Monthly Archives: October 2018

Mendeley is dead, long live Zotero!

When I started out on my PhD two years ago I found Mendeley and thought it a perfect reference manager: Free to use, integrated with both MS Word and my browser and a generally easy-to-use GUI. What’s not to like?

Fast-forward two years. One of my papers was rejected and in the process of re-submitting it I needed to re-format the bibliography (more on that frustration in another post). Then Mendeley started acting up: “There was a problem setting up Word plugin communication: The address is protected”. Wtf? I re-installed the Word Plugin, I re-installed Mendeley itself, I tried some hints from this blog, I even watched a couple of YouTube videos. All to no avail. The Mendeley Word plugin did not work!

So I did what I usually do when life is mean to me: I took to Twitter. And complained. The Mendeley team was quick to answer, but their troubleshooting as nothing more than what I already had tried, plus encouraging me to “turn it off and then on again”. Nothing worked. A bit frustrated I replied:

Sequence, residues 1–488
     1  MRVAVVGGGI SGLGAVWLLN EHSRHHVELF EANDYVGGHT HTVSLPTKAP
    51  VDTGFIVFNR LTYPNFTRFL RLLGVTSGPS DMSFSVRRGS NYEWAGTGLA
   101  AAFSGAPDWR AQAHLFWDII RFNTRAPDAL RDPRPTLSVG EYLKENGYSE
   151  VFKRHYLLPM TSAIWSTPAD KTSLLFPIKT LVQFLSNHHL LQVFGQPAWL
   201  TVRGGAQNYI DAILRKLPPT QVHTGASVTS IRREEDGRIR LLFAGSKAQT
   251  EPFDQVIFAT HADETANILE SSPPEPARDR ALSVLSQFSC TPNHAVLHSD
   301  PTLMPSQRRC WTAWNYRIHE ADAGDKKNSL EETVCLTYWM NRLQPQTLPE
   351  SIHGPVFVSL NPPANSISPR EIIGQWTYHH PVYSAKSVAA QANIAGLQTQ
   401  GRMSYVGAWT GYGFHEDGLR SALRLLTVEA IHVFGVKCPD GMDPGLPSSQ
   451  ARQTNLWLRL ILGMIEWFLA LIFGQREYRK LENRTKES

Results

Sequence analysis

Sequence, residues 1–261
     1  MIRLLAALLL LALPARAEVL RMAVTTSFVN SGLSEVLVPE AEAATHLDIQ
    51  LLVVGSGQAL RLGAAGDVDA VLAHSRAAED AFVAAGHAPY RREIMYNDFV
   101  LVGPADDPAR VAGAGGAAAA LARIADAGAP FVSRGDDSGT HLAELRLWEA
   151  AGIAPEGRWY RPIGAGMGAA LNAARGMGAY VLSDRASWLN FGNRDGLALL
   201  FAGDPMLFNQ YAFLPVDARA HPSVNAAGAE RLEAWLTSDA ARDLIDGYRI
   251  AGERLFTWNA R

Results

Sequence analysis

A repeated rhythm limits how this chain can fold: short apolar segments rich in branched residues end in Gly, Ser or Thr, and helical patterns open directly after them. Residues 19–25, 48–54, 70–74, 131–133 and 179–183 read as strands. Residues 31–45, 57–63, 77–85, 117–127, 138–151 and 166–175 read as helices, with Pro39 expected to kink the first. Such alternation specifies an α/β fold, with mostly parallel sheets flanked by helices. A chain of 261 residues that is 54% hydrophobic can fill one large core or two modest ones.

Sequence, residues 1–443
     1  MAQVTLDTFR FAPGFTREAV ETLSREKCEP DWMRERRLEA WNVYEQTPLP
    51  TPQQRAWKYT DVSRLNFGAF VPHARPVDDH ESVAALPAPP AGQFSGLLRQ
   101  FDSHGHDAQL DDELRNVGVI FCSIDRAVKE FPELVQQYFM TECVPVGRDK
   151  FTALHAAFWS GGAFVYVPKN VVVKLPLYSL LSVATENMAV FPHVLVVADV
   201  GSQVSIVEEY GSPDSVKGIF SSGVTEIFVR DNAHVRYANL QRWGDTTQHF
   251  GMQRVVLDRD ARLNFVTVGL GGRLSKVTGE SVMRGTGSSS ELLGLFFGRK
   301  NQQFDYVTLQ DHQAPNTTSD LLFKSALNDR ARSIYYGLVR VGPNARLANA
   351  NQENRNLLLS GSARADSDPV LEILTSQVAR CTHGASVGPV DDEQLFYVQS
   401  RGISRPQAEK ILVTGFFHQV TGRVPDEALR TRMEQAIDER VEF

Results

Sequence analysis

Ok: how do I migrate my data away from Mendeley, and what is the best alternative to Mendeley?

The next day I had no reply and send a more official support request, and was met with this gem:

Dear Customer,

Thank you for submitting your question. This is to confirm that we have received your request and we aim to respond to you within 24 hours.

However, please note our current response time is 5 days.

Ok. Fuck this. I then remember hearing about Zotero, an Open Source reference manager. It seemed to offer both a Word-plugin and browser extension, as well as a method for importing my Mendeley data. Upon installation I chose “import from Mendeley” and found that it was not possible, due to encryption. I then found this site and found yet another reason to migrate away from Mendeley. Luckily my latest backup lacked only 20 items or so, so after 10 minutes of wrangling I had imported all of my data.

And I was impressed: Zotero understood that my Word doc was previously managed by Mendeley, and I did not have to change out all my references and rebuild the bibliography. So, in 30 minutes or so I had a working reference manager again, and I’ve moved from a closed platform incapable of providing adequate support to an open alternative that seems to work great!

So: if you are having trouble at all with Mendeley I would strongly suggest to migrate to Zotero!